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Prognosis for recovery
Prognosis for recovery
Chrysler's headquarters shortly after the split from Daimler.
"It would be a black eye for private equity if Cerberus doesn't succeed," says Jones Day lawyer Corinne Ball, who has helped restructure other auto companies, such as parts maker Dana. "It has to fix the product line, rebuild Chrysler's reputation with the American consumer, and repair the relationship with the United Auto Workers."

That's quite a list.

The problem is that the relentless focus on the numbers doesn't fix any of those issues. It is certainly possible for Chrysler to hit the financial marks tacked to the wall but still wreck the company down the line.

Cutting corners on a new engine today can push up warranty costs later. Stripping quality engineers from factories will trim the payroll but may further damage the reputation of Chrysler brands. Even if Nardelli can add another model to Chrysler's long list of hits, it wouldn't be in showrooms until the 2012 model year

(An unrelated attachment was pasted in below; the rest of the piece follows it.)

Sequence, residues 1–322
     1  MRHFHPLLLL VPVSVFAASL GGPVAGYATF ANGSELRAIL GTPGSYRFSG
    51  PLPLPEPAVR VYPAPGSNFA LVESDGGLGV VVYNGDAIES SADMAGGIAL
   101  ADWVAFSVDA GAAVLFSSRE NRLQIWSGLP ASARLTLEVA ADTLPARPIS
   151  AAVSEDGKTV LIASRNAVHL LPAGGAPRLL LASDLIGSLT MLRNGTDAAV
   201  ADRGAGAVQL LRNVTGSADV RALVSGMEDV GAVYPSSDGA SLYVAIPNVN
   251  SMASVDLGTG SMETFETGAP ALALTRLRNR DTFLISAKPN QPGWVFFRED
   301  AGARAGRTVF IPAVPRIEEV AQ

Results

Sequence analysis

The Daimler merger in 1999 meant the end of Chrysler as an independent publicly traded auto company. The acquisition by Cerberus could mean the beginning of the end of Chrysler as a recognizable automaking entity altogether.

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